Mental Clarity & Beat Winter Brain Fogg
No matter where you are on the wellness journey, whether you’re a master yogi or just ran your first 5k, one thing remains true: Keeping a mind clear isn’t easy!
We’ve all heard of the “winter blues. It’s normal for us to feel a bit down in winter. We often leave our homes when it’s dark, return when it’s dark, and more often than not, it’s too wet to enjoy the outdoor activities we experience in summer, such as water sports, hiking, or going to the beach.
Above all, your mind will do almost anything to prevent you from settling into yourself, at least at first. The truth is that our inner worlds don’t get the attention they deserve because we usually experience infinite appealing distractions.
One way of feeling more centered and less anxious about what’s going on around you is spending time by yourself. It doesn’t necessarily have to be meditation. It can be mindful like walking, taking a bath, or doing something repetitive like kitting, flowing through asana – really anything that brings your mind to rest.
Here’s a crème the la crème series of strategies from experts who have figured out ways to quiet the mind effectively, combining science and pleasure in a way that makes accessing the quiet mind more alluring.
Table of Contents
Symptoms & Causes of Winter Blues
Seasonal Affective Disorder or Winter Blues is a type of depression or depression-like symptoms affected by the change in seasons. It acts through low energy, increased fatigue, and low motivation, and brain fog usually begins around the same time each year in the lead-up to winter.
Winter blues differs from depression because symptoms only persist when there is less light. Those who suffer from Seasonal Affective Disorder experience normal mental health during other seasons. On the other hand, severe SAD can include the inability to get out of bed each morning, nausea, migraines, and withdrawal from friends and family.
Recent findings hint that over 6% of the U.S population is expected to experience some degree of SAD. In Scandinavian countries, where differences in sunlight between summer and winter are more prominent – this figure jumps to nearly 15%.
There is no medical consensus as to what triggers the sinter blues. However, several theories revolve around one key factor: lack of daylight or vitamin D.
In summer, it’s easier to obtain your Vitamin D straight from the source, but it’s virtually impossible to naturally increase your vitamin D intake in the winter.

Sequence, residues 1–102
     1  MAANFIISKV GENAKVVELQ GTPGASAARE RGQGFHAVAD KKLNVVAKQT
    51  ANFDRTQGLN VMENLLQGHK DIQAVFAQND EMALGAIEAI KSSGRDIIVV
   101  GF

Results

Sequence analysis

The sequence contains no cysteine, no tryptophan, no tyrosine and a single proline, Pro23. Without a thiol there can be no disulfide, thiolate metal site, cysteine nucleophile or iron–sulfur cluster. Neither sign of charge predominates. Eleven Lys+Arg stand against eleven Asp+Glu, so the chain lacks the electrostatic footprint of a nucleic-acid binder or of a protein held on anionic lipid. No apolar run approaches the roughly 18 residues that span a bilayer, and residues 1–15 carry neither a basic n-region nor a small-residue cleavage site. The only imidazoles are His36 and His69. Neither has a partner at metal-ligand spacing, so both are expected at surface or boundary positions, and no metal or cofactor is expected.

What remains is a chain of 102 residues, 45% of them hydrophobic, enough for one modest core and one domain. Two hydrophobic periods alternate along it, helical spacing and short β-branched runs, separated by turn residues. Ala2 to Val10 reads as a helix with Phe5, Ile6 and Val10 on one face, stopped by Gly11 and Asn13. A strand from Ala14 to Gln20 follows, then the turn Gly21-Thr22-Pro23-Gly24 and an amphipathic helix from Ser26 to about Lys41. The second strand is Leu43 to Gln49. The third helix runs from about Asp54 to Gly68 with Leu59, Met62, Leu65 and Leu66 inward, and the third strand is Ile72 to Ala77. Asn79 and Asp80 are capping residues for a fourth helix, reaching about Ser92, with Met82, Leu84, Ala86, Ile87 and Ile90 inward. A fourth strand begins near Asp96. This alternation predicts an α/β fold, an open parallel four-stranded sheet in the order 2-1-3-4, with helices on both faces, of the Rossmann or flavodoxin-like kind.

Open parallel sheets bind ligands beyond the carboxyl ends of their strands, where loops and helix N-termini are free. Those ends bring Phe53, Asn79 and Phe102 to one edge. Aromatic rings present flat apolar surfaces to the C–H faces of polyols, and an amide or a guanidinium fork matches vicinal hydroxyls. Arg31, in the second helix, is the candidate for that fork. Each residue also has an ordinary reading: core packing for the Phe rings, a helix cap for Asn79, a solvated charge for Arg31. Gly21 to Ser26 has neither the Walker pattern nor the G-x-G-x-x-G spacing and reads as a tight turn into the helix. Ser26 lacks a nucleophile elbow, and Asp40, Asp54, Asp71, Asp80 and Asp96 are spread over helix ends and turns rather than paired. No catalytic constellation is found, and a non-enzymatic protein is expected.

More often than not, we spend far too much time indoors and when we go outside to relish the fine weather, UV protection products prevent us from getting all the sun’s goodness. It is concerning how modern living has altered the total share of vitamin D we generally absorb.
How Do I Get Mental Clarity?
If things feel a little though ad foggy right now or you’re worried about the months that lie ahead, here are some suggestions to try out – it’s time to look after yourself.
Break Negative Thought Cycles
It’s all too easy to get all tangled up in negative and destructive thought patterns that can negatively influence the way we feel, think, and behave. But knowing when this happens can help you your mental health and wellbeing.
The greatest of the wellbeing coaches advise on the “Catch it, check it, change it” approach, which helps us reframe thinking around the perceived problems.
If you’re aware of the occurring thought and check it by investigating why you feel this way, you’re in a better position to alter the pattern and try to replace it with a more realistic one to find a way out.
Take the Right Supplements
Unless you live in a place where large areas of your skin get some sun exposure all year round, you almost certainly are not obtaining the vitamin D you need to maintain a positive mood during the winter.
Humic and Fulvic Acids
Dealing with low levels of energy? Don’t fret. If you’ve been going through a particularly stressful time in your life, you might want to add liquid minerals to your winter wellness routine. Not only do these nutrients help protect against neurodegenerative ailments, but they can also act as an effective energy booster.
Fish oil may be an important supplement for treating winter blues. Take Iceland. It is one of the northernmost states in the world but has one with the lowest rates of a serious form of seasonal depression or winter blues. Iceland people are believed to be huge fish consumption – approximately 225 pounds per person per year.
Prioritize Those Zs
Stress and sleep are closely linked, and there’s never been a more important time to focus on getting enough rest. While sleep problems usually diminish within a month, longer stretches of poor sleep can easily affect our lives.
If you’re not getting enough sleep during winter, you can improve your chances by sticking to a sleep routine where possible – ditching technology, heading to bed, and rising at almost the same time. If you’re lying in bed unable to sleep, don’t force it. Try doing something relaxing, such as meditating or writing, and return to bed when you feel sleepier.